In an environment where we have fewer opportunities to bump into others in the hallway, we are more likely to default to people whom we know when a new project or work opportunity comes up. I spoke to Paula who started her new job a few months ago. She is in a hybrid work environment and can choose to work from home or the office. She chooses to be in the office every day because a few of the senior executives work from the office. She wants to be “visible” to them and is afraid she will miss out on work opportunities if she works from home.
As hinted earlier, the option of flexible work is a double-edged sword that could impact women more than men. Paula does not take advantage of the flexibility of working from home that could support her work-life balance and enable her to spend more time with her family. She is afraid of the potential repercussions. Paula does not want to be discriminated against or be seen as the woman who prioritizes her family over her work.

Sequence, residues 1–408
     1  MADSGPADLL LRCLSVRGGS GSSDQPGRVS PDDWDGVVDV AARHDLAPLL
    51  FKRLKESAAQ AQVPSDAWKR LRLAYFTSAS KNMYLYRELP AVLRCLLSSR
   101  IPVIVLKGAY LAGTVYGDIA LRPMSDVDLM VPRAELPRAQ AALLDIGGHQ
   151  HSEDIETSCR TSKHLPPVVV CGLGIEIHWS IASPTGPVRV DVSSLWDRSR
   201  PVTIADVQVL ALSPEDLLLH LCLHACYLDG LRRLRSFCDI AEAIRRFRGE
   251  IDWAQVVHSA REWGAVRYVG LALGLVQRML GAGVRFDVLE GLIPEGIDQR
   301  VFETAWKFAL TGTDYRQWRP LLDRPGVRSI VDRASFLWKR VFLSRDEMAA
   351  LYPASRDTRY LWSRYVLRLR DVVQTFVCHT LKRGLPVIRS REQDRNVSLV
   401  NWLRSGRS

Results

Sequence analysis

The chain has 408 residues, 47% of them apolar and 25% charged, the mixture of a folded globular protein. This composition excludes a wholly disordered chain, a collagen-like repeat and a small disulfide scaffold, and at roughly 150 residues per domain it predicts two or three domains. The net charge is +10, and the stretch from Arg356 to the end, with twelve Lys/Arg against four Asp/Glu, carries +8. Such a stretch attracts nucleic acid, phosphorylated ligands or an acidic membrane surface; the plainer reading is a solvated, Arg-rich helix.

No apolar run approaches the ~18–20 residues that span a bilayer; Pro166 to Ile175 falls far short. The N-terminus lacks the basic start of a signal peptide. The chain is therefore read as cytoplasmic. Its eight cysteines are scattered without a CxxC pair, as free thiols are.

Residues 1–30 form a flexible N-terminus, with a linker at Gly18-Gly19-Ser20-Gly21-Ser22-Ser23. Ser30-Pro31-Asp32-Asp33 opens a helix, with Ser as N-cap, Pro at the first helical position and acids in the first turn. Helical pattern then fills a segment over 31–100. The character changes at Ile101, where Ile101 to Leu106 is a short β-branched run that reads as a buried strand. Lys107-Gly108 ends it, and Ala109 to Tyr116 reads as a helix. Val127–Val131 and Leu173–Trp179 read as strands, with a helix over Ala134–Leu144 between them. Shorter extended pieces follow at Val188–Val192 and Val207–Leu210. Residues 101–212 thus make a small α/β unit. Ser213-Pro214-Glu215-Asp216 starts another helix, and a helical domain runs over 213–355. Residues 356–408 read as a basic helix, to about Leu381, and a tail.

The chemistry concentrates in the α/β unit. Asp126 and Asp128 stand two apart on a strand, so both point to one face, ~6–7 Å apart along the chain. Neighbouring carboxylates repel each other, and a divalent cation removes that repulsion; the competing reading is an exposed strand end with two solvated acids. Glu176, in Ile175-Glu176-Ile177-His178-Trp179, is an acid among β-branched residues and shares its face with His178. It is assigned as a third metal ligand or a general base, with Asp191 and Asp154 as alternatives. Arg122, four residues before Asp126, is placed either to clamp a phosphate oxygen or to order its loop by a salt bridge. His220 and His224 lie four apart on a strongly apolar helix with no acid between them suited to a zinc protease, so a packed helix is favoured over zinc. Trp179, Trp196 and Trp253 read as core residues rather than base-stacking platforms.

How could Paula’s manager democratize the distribution of work? How about a depository of projects, where team members throw their name in the hat, and managers pick the best candidate? Perhaps we can take it one step further, and anonymize the candidacy, where only the skills of the person and recommendations are provided, but not the name of the person? How will this impact the overall learning and development of the team?
I think this is a great opportunity for Altruistic Capitalists to create a positive impact for their women employees, and community, and support their bottom line. The workplace changes brought on by COVID-19 require managers to listen closely to what is working for their team and be aware of their own biases. Now that we see the people we work with more over Zoom and less in person, more than ever managers need to communicate better and seek to understand. Employees will feel heard and be more engaged, resulting in a loyal and diverse workforce that can only drive the business forward.